DeepSec 2015 Talk: Cryptography Tools, Identity Vectors for „Djihadists“ – Julie Gommes

Some speak of Crypto Wars 2.0. For others the Crypto Wars have never ended. FBI Directory James Comey does not get tired of demanding back doors to IT infrastructure and devices (there is no difference between back door and front door, mind you). Let’s take a step back and look at the threats. We did this in 2011 with a talk by Duncan Campbell titled How Terrorists Encrypt. The audience at DeepSec 2011 was informed that encryption does not play a major role in major terror plots. What about today? Have terrorists adopted new means of communication? Since the authorities demanding access to protected information do not have statistics readily available, we turned to researchers who might answer this question. Julie Gommes will present the results of studies analysing the communication culture of criminal groups. In order to distinguish criminal acts from religion, we have put some words in quotes („“). We do not wish to whitewash crime by calling it religion. We ask you to bear this in mind when reading Julie’s summary and when attending her presentation.

Cryptography, social networks – today the use of online tools also serves to protect the communications of terrorists and to affirm their membership in terrorist organisations. The Internet is the method of choice for communication: the number of sites calling for a „jihad“ rose from 28 in 1997 to over 5,000 in 2005. The basic use of these sites for the purpose of basic classical communication began in the 2000s. It was replaced by that of social networks, allowing almost instant mass communication.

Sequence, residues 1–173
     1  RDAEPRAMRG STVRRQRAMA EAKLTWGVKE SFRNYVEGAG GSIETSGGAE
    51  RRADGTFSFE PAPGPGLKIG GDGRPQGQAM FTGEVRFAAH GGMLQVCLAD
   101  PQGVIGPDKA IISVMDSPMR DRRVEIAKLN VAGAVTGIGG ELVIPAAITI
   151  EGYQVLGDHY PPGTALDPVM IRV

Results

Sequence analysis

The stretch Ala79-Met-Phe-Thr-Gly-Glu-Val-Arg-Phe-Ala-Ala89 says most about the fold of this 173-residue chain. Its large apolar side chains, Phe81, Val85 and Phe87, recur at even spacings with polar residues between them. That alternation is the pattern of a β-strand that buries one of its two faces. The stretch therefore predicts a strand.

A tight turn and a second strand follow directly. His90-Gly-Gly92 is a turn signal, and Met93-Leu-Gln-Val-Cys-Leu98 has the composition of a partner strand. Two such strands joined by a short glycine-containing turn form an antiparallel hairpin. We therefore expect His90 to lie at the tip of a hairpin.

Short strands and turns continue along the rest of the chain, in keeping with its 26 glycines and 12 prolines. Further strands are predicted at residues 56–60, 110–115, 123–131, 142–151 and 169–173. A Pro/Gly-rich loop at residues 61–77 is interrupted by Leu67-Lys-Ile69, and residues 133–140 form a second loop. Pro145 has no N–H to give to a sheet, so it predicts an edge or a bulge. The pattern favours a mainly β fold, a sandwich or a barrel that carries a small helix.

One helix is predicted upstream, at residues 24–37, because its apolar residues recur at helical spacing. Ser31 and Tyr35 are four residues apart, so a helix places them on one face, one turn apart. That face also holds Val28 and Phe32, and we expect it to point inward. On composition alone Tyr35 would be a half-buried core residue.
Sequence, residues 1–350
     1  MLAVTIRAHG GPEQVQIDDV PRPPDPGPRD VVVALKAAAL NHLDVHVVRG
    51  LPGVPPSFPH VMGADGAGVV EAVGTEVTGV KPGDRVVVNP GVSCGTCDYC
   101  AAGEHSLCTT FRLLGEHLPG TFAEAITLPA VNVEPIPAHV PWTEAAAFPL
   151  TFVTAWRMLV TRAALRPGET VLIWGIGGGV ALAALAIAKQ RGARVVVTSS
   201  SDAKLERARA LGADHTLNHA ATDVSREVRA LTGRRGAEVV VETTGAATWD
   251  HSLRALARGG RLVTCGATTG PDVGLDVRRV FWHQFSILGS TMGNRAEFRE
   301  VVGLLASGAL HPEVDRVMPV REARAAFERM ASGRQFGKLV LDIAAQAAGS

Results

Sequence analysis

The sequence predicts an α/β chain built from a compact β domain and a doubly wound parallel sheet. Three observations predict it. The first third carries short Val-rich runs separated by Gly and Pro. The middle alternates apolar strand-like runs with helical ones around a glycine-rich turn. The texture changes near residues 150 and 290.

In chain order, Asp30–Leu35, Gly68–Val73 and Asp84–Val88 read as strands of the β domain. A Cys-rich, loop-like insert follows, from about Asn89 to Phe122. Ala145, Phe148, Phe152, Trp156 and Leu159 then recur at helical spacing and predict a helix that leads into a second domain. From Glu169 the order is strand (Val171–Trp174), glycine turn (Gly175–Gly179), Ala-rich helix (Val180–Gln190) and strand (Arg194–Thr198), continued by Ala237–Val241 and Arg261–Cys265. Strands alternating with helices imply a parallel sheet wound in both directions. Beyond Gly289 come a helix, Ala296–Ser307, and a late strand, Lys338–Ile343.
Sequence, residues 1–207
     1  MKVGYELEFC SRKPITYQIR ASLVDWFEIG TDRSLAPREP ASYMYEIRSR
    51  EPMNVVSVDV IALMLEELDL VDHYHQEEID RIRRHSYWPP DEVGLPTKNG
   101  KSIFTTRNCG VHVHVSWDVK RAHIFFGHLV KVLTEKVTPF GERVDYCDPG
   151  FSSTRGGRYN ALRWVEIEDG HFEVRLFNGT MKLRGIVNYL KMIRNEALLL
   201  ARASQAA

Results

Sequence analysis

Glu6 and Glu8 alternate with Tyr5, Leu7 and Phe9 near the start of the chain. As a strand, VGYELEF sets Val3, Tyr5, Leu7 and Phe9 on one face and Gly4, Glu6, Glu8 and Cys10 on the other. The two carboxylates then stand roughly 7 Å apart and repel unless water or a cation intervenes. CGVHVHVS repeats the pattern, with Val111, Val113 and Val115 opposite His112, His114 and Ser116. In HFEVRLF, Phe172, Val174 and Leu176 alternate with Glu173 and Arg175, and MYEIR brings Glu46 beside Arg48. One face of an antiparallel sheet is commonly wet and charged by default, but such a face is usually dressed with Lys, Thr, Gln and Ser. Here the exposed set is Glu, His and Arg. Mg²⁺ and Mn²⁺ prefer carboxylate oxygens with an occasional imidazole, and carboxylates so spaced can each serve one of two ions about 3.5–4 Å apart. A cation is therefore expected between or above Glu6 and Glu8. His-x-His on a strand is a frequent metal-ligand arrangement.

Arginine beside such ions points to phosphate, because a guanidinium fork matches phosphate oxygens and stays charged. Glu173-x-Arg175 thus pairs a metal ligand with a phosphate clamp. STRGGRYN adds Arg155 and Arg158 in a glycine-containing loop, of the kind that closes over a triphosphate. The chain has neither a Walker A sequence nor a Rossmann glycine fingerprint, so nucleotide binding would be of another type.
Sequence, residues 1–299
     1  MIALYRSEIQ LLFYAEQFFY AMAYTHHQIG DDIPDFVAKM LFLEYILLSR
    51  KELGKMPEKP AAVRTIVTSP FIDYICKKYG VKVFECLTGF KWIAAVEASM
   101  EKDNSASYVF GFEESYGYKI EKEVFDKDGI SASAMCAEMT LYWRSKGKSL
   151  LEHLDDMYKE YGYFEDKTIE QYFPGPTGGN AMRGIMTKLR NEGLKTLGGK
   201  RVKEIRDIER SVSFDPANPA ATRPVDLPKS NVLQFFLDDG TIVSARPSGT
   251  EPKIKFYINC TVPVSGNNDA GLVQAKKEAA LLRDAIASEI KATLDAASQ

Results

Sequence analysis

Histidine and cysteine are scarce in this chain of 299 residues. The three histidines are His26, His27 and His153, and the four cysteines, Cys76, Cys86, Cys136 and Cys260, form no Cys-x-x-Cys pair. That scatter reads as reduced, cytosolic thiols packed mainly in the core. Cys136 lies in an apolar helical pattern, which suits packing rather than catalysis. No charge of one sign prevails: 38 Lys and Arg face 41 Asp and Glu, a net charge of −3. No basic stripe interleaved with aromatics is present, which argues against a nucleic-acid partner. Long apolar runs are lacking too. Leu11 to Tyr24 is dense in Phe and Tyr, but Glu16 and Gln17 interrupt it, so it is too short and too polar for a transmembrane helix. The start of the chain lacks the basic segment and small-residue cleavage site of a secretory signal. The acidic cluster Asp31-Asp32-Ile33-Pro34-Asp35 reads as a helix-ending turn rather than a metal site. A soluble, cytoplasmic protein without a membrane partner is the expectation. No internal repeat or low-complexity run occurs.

Studies of the Middle East Media Research Institute (MEMRI) show that Al-Qaeda uses encryption tools for a long time: „Since 2007, Al Qaeda’s use of encryption technology has been based on the platform Mujahideen Secrets, which has incorporated the support for mobile, instant messaging, and Macs.“ Encrypting communications was only done for emails and within the „Mujahideen Secrets“ platform itself.

However the year 2013 was a turning point in the spread of encryption: instant messaging in February with Pidgin, SMS in September with Twofish encryption, AES encrypted texts on web sites in December. Edward Snowden’s revelations, which began in June 2013, are not the starting point of the „cryptodjihad“ but seem to have acted as an accelerator.

MEMRI’s researchers demonstrated the use of public cryptographic tools stemming from the family of Free Software: Pidgin instant messaging tool similar to MSN allows the terrorist movement Asrar al Dardashan to encrypt their communications with OTR (for off the record).

By analyzing the adoption of new tools and the use of Free Software, we see that the focus is on cryptography for mobile tools.

Since everything that looks suspicious is branded as a nefarious cyber weapon (including calc.exe), we believe that everyone should listen to Julie’s talk. The field of information security entered the delicate terrain of politics a long time ago. It’s time to catch up. Start with encryption. While you are at it, don’t forget to follow the Crypto Wars to keep your front doors safe.

julie_gommesA journalist who is coding and speaks to her computer with a command line. Julie Gommes has worked for editorial print, web and radio before becoming a trainer in the drafting of a French newspaper in Laos, teaching journalism in Egypt and gaining Infosec experience during revolutions in Egypt and Syria. For several years she’s been studying the „jihadist“ movement and the rise of anonymisation and encryption techniques in the Middle East and is the author of a book about the revolutions in several of these countries “There were once revolutions” (Ed. The Seagull, 2012). Julie now works in particular studying international conflicts on the Internet, teaching security for journalists and participates in some groups in France fighting for NetNeutrality.

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